Australian submariner and recruiter, Olivia Brown, speaks to Mamamia magazine (Photo courtesy Mamamia) about submarine life (see below). Her sailor's cap indicates she is based at HMAS Stirling - not a ship or sub but Australia's Fleet Base West at which all six of Australia's Collins subs are based.
Stress management is a growing area throughout the defence forces of Western countries. The unusual stresses and responsibilities of submarine service even in "peacetime" makes stress management particularly important.
A sound stress management program has many benefits including:
- improving attractiveness of recruitment and subsequent retention of submariners
- improving occupational health and safety
- improving morale and security.
On the stresses of submariner life Submarine Matters reported on Royal Navy finding it Difficult to Recruit Submariners, October 1, 2015.
40 seconds into this July 2014 Youtube Chief of the Australian Navy, Vice Admiral Tim Barrett, indicates he wants to make the Navy a better place in which to work.
Interesting 2014 reddit Navy forum comments on Depression and Submarines (seems mainly US Navy).
A Mamamia April 27, 2015 interview with Olivia Brown, RAN submariner and recruiter. Most relevant answer "Being at sea can be very full on – long periods away, disrupted sleep cycles, no sunlight for long periods… At the same time [it is] a very fulfilling work environment – sometimes you want your work to be challenging and ever-changing. Ashore, our job I guess is more stable, however it can be mundane and involve a more typical work environment like a normal desk job. Personally I don’t mind being at sea, not sure my partner would agree with that though. Obviously due to the environment we work in, we do get paid considerably more when we are on sea rotation so there is that factor as well."
On US Navy stress management see this article by Michael Melia of Associated Press, via the US military's Stars and Stripes, November 1, 2015 http://www.stripes.com/news/us/navy-submarine-force-increases-stress-management-services-1.376454:
"Navy submarine force increases stress-management services"
GROTON, Conn. — The U.S. Navy's elite submarine force is stepping up stress-management services for its sailors, responding in part to elevated numbers of unexpected dropouts among younger service members.
A psychiatrist at Naval Submarine Base New London, Navy Capt. Steven Wechsler, has been meeting with sailors for the last three months at his office on the waterfront, going aboard submarines to introduce himself, and giving talks on issues surrounding deployments. The idea is to engage sailors who might be reluctant to seek out mental health professionals at a military clinic and keep them focused.
It's a model that the Navy intends to replicate at its six other homeports for submarines in Virginia, Georgia, Hawaii, Washington state, southern California and Guam.
Wechsler himself served in the submarine force for years, and he said that experience helps put sailors at ease. He understands the challenges that come with spending weeks at a time inside a cramped metal tube on stealthy missions, with limited communication home to loved ones.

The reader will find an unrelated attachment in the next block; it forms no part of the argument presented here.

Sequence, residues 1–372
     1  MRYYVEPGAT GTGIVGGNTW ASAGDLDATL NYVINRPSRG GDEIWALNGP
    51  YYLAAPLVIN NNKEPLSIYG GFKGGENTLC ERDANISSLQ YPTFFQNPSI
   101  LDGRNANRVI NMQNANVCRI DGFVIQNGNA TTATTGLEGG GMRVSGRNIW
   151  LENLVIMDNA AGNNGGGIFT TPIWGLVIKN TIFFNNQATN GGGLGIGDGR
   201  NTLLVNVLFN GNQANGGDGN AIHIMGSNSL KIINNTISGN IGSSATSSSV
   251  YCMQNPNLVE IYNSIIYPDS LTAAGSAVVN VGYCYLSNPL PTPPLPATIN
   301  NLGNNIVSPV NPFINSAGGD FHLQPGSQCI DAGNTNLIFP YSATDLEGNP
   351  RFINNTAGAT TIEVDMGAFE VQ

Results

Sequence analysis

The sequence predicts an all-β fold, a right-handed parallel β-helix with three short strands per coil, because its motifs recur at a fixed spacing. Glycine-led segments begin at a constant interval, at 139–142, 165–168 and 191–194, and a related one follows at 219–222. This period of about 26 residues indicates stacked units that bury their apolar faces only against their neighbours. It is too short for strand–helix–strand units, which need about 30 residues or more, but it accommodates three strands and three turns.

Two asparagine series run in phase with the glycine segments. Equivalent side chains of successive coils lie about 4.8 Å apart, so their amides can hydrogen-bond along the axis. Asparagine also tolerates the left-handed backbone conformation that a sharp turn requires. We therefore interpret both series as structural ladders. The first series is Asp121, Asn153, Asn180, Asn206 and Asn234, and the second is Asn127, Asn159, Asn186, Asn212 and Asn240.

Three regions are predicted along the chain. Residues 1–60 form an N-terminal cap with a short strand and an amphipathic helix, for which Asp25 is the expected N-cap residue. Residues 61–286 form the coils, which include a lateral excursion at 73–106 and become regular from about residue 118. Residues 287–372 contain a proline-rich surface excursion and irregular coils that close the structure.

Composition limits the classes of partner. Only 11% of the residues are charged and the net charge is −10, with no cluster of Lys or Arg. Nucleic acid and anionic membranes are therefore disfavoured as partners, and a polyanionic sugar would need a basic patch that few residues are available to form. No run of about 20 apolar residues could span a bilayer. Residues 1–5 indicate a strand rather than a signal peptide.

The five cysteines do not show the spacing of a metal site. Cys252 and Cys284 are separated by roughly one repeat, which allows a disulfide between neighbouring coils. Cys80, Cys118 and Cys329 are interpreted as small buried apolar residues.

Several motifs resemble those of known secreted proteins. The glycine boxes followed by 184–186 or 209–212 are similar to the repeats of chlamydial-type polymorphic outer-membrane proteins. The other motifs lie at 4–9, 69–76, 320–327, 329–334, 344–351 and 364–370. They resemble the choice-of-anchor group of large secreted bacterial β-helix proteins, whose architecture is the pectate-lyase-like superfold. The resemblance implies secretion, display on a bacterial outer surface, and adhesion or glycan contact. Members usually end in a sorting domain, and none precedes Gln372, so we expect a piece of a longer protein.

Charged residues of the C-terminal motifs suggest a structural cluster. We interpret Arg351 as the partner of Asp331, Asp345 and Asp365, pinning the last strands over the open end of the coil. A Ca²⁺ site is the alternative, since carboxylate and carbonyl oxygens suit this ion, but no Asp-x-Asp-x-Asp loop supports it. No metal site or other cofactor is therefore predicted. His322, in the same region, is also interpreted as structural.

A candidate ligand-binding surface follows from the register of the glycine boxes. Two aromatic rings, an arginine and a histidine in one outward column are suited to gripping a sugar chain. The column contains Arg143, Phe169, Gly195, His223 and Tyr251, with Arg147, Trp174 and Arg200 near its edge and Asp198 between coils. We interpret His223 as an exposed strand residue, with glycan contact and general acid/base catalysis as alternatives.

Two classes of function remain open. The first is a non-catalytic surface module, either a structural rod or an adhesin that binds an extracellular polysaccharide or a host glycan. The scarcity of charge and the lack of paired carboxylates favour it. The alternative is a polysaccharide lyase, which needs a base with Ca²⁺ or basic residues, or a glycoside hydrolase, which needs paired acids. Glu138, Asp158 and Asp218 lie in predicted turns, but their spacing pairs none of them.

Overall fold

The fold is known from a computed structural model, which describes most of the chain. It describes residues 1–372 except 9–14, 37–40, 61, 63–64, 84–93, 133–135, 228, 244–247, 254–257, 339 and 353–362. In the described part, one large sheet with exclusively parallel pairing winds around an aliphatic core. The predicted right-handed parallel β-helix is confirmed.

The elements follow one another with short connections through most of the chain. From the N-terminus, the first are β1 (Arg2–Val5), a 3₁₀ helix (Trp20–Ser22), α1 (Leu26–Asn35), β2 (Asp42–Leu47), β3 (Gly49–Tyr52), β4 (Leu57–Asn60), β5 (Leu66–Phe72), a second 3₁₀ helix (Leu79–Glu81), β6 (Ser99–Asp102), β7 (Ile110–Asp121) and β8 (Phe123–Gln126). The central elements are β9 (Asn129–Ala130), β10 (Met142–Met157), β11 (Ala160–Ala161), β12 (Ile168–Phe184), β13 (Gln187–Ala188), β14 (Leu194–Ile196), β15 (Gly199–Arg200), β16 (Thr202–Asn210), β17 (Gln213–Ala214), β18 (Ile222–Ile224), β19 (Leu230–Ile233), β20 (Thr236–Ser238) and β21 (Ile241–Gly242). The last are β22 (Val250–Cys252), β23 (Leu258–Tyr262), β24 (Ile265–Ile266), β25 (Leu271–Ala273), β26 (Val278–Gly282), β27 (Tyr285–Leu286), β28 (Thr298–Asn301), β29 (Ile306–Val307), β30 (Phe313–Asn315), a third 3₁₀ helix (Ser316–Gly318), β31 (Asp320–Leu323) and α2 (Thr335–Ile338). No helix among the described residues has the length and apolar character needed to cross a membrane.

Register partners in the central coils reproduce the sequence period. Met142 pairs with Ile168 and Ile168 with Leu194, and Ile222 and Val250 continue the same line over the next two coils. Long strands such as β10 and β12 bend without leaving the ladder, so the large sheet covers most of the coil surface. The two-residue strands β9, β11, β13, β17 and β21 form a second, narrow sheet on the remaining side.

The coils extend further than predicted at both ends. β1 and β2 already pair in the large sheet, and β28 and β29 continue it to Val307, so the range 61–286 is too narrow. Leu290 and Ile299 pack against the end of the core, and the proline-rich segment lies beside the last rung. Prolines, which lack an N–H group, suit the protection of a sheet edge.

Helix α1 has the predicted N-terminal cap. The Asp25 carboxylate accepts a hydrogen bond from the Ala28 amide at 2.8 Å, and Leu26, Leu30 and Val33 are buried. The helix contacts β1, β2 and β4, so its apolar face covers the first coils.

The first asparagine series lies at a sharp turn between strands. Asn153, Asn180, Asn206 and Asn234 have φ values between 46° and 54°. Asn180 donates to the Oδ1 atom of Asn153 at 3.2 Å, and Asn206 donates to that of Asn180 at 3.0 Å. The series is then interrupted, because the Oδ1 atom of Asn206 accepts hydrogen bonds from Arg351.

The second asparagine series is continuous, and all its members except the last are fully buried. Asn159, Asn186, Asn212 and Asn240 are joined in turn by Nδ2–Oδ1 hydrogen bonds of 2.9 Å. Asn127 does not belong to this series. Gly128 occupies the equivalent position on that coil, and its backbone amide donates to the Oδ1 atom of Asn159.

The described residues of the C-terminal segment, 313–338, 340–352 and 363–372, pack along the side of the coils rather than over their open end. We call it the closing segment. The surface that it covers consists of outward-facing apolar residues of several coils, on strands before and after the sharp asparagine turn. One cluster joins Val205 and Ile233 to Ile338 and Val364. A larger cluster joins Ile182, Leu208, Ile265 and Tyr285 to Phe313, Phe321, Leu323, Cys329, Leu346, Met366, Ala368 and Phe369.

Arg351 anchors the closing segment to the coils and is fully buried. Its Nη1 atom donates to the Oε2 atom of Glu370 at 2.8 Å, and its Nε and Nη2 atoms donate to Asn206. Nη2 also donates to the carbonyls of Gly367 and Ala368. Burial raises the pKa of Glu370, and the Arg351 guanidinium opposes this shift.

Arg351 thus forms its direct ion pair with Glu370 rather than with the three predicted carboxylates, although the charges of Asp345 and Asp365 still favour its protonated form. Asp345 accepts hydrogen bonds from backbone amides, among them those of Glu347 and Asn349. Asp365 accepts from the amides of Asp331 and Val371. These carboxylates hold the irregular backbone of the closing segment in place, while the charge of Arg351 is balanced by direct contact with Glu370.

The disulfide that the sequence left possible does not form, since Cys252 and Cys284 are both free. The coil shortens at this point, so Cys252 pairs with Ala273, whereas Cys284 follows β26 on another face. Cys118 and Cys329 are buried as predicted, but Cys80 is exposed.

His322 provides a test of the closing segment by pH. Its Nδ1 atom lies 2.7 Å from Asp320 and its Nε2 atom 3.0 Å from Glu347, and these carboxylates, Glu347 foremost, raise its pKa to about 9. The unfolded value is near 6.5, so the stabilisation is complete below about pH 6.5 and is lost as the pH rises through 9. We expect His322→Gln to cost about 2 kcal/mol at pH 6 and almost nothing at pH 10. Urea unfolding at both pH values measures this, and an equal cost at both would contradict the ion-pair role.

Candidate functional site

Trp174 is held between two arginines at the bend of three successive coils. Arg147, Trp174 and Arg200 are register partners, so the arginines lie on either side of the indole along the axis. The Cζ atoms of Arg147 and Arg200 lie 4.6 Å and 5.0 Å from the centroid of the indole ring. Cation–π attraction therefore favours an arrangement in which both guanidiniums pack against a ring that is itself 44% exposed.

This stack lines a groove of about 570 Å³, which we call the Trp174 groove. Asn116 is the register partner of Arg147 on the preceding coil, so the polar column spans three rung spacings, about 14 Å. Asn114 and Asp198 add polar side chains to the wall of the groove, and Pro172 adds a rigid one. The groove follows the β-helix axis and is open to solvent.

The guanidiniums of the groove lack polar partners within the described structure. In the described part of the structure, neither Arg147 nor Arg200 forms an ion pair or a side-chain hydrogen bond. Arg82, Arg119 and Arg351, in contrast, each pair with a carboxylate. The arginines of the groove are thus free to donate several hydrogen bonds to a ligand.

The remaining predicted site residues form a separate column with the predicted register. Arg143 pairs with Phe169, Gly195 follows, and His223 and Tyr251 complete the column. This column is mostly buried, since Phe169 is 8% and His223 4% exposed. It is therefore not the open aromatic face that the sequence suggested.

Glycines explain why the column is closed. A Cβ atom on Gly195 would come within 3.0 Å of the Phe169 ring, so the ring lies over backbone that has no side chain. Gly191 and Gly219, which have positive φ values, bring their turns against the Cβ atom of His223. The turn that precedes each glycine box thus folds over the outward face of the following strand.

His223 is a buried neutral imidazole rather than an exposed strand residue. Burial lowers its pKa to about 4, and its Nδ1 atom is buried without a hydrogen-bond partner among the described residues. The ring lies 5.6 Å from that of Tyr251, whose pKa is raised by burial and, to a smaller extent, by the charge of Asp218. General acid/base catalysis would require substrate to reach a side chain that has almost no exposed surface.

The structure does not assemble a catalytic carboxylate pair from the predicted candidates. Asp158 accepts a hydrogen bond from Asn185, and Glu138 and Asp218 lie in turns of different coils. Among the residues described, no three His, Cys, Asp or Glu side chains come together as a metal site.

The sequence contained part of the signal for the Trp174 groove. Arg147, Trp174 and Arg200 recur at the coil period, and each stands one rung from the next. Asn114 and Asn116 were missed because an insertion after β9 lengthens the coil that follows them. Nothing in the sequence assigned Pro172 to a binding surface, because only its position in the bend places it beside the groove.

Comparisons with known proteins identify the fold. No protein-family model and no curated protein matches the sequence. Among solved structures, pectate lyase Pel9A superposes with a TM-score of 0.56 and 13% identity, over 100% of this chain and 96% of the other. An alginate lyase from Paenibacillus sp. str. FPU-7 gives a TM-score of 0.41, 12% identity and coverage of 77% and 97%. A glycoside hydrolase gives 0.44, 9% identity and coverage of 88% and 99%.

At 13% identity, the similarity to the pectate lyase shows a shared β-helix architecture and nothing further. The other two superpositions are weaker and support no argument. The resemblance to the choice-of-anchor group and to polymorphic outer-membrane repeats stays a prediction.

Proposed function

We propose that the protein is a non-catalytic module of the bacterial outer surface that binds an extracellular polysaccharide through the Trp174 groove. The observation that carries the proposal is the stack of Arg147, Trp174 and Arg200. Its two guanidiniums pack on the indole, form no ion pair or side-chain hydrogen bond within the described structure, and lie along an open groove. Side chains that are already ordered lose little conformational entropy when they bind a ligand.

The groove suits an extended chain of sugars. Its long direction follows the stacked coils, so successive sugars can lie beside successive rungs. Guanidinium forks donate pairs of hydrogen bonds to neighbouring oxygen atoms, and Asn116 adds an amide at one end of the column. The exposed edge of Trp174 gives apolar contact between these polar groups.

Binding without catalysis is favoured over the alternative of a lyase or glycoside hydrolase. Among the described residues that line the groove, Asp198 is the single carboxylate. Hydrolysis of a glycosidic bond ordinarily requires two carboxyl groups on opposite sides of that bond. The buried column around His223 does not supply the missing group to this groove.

"When the hatch is shut, that hatch is shut. They are contained within that environment," Wechsler said. "Somebody who is maybe a little more introverted is going to run into difficulty because they're in close proximity to other people all the time."
Options for exercise - one of the more popular stress relievers - are limited not only by space, but also concerns about banging around and making noise that could give up a sub's location. So Wechsler works with sailors on other strategies to improve resilience.
The Navy also has been working to overcome a stigma attached to mental health treatment, and officials say the submarine force's approach - a doctor "embedded" on the waterfront - is among several taken by various military communities.
A spokesman for the submarine force, Cmdr. Tommy Crosby, said the new services stem partly from the leadership's recognition of needs among a younger generation of sailors, as highlighted by a higher rate of dropouts - or "unplanned losses" - for mental health reasons. Other submarine force officials have described tendencies among millennials to include more reliance on feedback and less adaptability to setbacks compared to an older generation.
The submarine force's top enlisted sailor, Force Master Chief Wesley Koshoffer, said mental health issues have arisen for some younger sailors when they first encounter significant stress from a failed relationship, failure of a test, or discipline. He said the Navy has been investing more in teaching coping skills, building mentorship programs and other efforts to give sailors confidence to succeed.
The Navy ran a pilot mental health program a few years ago in Norfolk, Virginia, to see if it could cut down on the dropouts. After a year when submarine crews out of Norfolk had 22 "unplanned losses" for mental health reasons, the program cut that number in the following year in 14, according to Capt. Matthew Hickey, the submarine force's chief medical officer.
Wechsler said he has seen the vast majority of his patients return to duty.
"I can be there immediately when they're having a bad day as opposed to letting that bad day fester and develop a symptomatic response," he said."